Ripple’s UBRI Participants Striving for a More Environmentally Sustainable Cryptospace
Ripple’s University Blockchain Research Initiative (UBRI) participants, Professor Anwar Hasan of the University of Waterloo’s Department of Electrical and Computer Engineering, alongside Research Associate, Crystal Roma, are conducting blockchain research to find out ways bitcoin and other cryptos can be made more environmentally friendly, reports Ripple Insights on April 28, 2020.
Towards An Environmentally Sustainable Cryptospace
While Bitcoin (BTC) still maintains the lead as the world’s number one cryptocurrency, giving the traditional financial ecosystem a run for its money, Satoshi Nakamoto’s revolutionary invention is often criticized for its massive energy consumption and relatively large carbon footprints.
In the latest development, Professor Anwar Hasan of the University of Waterloo’s Department of Electrical and Computer Engineering, and Research Associate, Crystal Roma are partnering with Ripple’s University Blockchain Initiative (UBRI) to analyze distributed ledger technology (DLT) and find out ways cryptos can be made more environmentally friendly.
In her 2018 report, University of Pittsburgh energy technology researcher, Dr. Katarina Kelly Pitou made it clear that what really matters is not the amount of energy consumed during bitcoin mining operations but the source of the energy itself.
In essence, bitcoin mining activities powered by renewable or green energy sources like hydropower, wind, or solar are almost harmless to the environment as compared to electricity generated from highly carbonized sources such as coal.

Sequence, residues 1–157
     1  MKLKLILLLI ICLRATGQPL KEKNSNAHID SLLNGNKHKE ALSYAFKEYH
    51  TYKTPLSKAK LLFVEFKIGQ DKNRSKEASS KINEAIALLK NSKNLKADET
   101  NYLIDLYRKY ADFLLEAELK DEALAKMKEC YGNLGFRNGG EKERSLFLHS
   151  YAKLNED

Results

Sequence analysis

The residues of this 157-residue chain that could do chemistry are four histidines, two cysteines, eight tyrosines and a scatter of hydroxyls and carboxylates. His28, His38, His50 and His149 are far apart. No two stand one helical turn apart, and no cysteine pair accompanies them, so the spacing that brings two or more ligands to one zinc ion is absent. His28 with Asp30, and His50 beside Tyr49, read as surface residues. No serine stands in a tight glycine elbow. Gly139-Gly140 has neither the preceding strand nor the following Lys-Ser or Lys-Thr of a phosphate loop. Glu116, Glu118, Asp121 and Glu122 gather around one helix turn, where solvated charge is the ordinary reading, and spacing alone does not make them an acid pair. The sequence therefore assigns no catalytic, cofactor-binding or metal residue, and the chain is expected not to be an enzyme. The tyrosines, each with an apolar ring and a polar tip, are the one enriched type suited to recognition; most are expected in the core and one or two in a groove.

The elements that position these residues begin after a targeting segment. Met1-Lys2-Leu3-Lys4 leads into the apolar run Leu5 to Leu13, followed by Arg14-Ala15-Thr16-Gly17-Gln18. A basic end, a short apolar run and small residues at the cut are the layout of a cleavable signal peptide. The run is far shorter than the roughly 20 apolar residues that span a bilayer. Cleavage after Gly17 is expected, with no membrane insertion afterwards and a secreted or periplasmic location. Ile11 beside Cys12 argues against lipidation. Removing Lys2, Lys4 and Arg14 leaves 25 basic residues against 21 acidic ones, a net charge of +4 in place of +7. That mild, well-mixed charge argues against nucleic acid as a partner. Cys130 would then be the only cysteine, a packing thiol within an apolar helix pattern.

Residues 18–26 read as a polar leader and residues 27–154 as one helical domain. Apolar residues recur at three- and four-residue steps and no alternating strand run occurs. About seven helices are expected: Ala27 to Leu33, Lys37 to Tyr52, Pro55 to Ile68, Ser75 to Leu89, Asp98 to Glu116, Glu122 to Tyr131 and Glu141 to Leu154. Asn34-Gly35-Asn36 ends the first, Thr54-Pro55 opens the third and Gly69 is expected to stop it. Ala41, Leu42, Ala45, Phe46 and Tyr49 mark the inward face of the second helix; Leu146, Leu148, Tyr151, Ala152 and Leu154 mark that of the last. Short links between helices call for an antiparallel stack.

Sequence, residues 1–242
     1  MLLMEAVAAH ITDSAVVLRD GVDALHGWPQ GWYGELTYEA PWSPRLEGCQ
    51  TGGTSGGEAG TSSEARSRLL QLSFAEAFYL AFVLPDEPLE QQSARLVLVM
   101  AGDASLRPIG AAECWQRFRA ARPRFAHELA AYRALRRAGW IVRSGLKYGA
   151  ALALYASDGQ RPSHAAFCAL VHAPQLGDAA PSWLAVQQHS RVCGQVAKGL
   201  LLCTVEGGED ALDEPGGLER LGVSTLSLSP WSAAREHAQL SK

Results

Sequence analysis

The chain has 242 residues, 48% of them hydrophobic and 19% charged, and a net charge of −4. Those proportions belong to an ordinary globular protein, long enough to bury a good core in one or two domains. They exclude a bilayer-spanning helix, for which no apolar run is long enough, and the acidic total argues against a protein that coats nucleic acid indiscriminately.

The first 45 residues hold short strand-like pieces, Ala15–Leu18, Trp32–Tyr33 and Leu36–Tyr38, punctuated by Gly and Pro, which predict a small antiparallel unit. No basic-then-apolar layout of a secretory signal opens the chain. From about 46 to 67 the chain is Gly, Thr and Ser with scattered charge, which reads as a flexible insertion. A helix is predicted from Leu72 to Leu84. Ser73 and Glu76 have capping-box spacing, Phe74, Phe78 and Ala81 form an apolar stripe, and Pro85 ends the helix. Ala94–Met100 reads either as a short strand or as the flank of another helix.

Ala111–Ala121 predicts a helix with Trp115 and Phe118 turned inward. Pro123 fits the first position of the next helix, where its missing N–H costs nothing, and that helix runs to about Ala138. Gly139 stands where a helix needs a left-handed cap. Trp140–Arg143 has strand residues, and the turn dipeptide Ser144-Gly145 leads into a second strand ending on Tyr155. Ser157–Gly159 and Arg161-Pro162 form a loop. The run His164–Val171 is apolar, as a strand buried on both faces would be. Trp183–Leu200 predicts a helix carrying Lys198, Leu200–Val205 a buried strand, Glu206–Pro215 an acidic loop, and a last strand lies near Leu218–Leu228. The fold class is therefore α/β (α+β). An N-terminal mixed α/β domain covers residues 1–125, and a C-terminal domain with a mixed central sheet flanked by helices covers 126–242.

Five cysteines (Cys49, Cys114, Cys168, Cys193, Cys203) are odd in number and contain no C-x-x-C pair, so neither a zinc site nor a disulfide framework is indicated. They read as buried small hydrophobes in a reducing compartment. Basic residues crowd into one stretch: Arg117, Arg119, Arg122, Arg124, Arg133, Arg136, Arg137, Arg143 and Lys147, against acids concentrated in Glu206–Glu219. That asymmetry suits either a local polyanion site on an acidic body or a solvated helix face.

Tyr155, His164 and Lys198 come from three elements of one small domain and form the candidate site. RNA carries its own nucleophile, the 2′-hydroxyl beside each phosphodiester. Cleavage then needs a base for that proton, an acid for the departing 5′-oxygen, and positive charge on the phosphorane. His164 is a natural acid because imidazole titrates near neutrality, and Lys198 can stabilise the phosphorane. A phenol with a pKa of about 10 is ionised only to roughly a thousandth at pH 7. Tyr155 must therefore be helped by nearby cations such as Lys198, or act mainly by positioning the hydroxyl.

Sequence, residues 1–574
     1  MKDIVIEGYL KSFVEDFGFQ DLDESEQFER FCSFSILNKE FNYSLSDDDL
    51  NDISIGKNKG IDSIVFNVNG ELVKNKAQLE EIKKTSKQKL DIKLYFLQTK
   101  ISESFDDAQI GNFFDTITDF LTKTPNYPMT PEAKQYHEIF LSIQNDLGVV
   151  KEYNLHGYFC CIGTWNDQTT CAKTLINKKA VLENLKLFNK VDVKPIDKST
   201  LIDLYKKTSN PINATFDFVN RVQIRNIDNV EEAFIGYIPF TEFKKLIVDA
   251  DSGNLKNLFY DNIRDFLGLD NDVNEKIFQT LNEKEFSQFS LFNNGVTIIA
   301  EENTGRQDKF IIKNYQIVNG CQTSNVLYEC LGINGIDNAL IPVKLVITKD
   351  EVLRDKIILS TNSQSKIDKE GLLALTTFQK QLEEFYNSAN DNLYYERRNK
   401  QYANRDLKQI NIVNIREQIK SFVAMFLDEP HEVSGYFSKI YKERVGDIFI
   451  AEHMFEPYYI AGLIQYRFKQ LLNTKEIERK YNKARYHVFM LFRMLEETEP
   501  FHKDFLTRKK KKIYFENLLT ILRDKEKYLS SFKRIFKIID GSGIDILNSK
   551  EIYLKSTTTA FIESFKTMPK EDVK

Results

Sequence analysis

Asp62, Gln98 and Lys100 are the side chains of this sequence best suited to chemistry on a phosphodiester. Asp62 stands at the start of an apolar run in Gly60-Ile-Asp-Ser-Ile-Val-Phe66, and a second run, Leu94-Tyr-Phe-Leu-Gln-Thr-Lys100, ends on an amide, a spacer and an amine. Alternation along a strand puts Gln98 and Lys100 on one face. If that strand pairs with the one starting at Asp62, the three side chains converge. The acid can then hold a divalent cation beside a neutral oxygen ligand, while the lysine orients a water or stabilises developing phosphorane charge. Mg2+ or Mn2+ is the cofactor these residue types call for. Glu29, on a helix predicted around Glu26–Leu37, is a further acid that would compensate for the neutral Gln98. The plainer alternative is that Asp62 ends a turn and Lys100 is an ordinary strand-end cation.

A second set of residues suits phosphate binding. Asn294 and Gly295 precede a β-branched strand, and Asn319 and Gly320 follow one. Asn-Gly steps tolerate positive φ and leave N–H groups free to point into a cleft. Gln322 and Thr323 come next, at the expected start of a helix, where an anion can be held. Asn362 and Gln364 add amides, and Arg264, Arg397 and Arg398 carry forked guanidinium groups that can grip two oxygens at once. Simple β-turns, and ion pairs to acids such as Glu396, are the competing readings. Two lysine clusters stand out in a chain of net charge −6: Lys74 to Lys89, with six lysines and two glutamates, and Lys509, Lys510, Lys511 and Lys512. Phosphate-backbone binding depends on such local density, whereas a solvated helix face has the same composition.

While the energy consumption of banks globally is over three times more than that of Bitcoin, and latest reports have revealed that banks have funneled a whopping $2.7 trillion into fossil fuels since the Paris Climate Change Agreement of 2016, Professor Hasan and his team are poised to further reduce the carbon footprint of the cryptospace with Ripple’s blockchain technology.
As part of the research work, in an attempt to make businesses to understand that running an XRP validator node is more cost and energy-efficient than Bitcoin mining, and encourage more participation in Ripple’s network, the team has reportedly published a paper quantifying the cost associated with both operations.
Professor Hasan said:
“Energy consumption is a serious issue for blockchain, and it’s important that we identify better alternatives that can replace Proof-of-work algorithms.”
At a time when proponents of blockchain technology, including Joe Lubin, co-founder of Ethereum, argue that Ripple isn’t a real blockchain project, it remains to be seen whether Professor Hasan’s mission to replace Bitcoin with XRP will ever come to pass.